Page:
Representatives of NOW Talent Management, Azalea Agency, and West Model and Talent Management say Tackette solicited submissions for minor speaking roles in December, prior to the auditions at TalentPlus. All three of these agencies report having at least some union actors, and between them landed three minor speaking roles. They also say Tackette permitted their clients to bypass the January 24 and 25 public casting call for extras at Crestwood Court Mall and submit headshots and résumés instead.
Sharon Pfitzinger, vice president of marketing at Images Agency, says her agency and other non-union shops (including Menagerie Models) weren't contacted at all about submissions — for extras or otherwise.
Pfitzinger says she's been working for four months with Associated Industries of Missouri, a Jefferson City lobbying firm, in an effort to bring more films to the state. She says she was "disappointed, to say the least" not to hear from Tackette. "We look like fools," she adds. "Here's a big movie in town and we're an agency and we don't know anything about it. We heard everything [via the news media]."
Back in December, Sharon Tucci appeared on a KSDK-TV (Channel 5) newscast offering advice to would-be extras. Tucci says her agency collected applications from would-be extras and passed them along to Tackette. She also says that a TalentPlus employee helped Tackette with crowd control in Crestwood.
"If they're just facilitating the job for the producer, that's fine," Macaluso says. "If they're actively involved in casting decisions, that would be a problem."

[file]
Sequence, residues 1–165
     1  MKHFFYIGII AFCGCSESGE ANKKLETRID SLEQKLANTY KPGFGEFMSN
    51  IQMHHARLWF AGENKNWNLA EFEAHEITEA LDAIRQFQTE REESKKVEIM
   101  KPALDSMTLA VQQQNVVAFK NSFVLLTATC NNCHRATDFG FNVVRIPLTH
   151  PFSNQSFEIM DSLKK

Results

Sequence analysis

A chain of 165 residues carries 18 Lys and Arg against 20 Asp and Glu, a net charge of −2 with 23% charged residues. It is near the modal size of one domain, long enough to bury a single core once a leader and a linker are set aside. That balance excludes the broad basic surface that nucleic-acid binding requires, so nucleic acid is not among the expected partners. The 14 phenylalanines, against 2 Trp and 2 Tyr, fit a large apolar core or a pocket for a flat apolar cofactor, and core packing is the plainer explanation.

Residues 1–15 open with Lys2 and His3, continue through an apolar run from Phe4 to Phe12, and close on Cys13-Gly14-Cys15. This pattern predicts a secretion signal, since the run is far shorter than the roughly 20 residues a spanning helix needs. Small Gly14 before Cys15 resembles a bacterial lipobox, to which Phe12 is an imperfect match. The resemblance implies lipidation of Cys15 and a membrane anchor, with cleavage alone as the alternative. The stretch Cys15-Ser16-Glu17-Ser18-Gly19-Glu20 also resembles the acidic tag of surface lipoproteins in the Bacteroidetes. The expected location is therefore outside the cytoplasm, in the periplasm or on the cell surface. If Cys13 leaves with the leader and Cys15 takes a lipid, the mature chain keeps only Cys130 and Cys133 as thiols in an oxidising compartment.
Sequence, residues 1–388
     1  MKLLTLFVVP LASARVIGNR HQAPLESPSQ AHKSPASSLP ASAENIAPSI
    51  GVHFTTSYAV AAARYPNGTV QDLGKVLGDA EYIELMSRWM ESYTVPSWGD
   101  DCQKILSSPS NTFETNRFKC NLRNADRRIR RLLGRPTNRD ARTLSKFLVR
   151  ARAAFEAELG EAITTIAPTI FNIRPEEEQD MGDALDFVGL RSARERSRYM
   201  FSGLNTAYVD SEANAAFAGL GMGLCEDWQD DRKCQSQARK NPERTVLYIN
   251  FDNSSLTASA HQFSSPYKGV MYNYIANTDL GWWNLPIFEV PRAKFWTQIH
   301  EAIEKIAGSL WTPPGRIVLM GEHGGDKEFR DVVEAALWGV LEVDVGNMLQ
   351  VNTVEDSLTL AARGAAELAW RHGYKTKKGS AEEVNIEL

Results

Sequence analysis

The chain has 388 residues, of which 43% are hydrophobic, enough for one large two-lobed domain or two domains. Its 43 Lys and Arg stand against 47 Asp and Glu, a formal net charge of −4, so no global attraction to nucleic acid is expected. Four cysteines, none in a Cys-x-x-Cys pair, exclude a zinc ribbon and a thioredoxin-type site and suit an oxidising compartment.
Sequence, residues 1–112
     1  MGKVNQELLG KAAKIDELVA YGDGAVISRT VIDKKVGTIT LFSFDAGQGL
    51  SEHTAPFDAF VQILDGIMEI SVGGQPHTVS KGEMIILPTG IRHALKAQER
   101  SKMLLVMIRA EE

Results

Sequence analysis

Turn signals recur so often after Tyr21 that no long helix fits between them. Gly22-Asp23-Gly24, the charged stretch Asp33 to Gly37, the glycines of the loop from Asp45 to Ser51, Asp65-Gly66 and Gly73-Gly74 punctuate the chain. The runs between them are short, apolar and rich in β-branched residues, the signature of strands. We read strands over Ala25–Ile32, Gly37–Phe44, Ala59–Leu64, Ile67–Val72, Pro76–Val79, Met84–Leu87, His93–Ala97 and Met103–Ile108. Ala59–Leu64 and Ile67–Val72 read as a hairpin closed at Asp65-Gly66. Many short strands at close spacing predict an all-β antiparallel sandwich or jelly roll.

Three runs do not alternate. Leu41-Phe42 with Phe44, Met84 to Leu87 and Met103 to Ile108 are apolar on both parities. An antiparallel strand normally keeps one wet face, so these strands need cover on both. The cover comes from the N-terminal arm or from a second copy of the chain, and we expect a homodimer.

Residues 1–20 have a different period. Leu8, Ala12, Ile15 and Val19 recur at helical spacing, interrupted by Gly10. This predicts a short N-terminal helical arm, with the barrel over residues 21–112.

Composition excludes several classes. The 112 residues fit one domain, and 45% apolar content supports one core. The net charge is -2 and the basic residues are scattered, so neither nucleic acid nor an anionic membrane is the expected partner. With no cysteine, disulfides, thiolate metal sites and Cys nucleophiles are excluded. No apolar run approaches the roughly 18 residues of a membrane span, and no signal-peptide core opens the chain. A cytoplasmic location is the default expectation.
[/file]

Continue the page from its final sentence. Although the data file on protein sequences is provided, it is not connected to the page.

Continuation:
Tucci says she didn't charge Paramount a penny, and that big production companies "are used to cities taking care of them." For two years, Tucci adds, she has served on the board of the Missouri Motion Media Association, which she describes as the lobbying arm of the state film commission. "I've been someone connected to the industry for years," she says.
In a separate letter addressed to the St. Louis Convention and Visitors Commission (CVC), attorney Saleeby wrote that Kim Tucci's position as a film commissioner with close ties to a talent agency constitutes a conflict of interest.
Tucci, former chairman of the state film commission, says he played no role in Tackette's hiring and that his current duties as St. Louis film commissioner include lobbying legislators to keep tax credits intact and presenting St. Louis as film-friendly.
He says the film office consists of him and one other individual and that it receives no funding from the CVC, its parent organization.
Tucci adds that he, his wife and a few other individuals led the push to convince Paramount to shoot here. "What we do is on our own dime," Tucci emphasizes. "We're working our fanny off to make things happen in these hard times."
Responds Saleeby: "I commend Kim for his efforts, but it's not fair in the eyes of people in the industry when they don't even have a chance to submit. If this was in LA, this never would've happened."
Menagerie Models owner Adams says, "For me this isn't about the money or jealousy. This kind of small-town B.S. must stop in order for the city to thrive, because other movies might come in."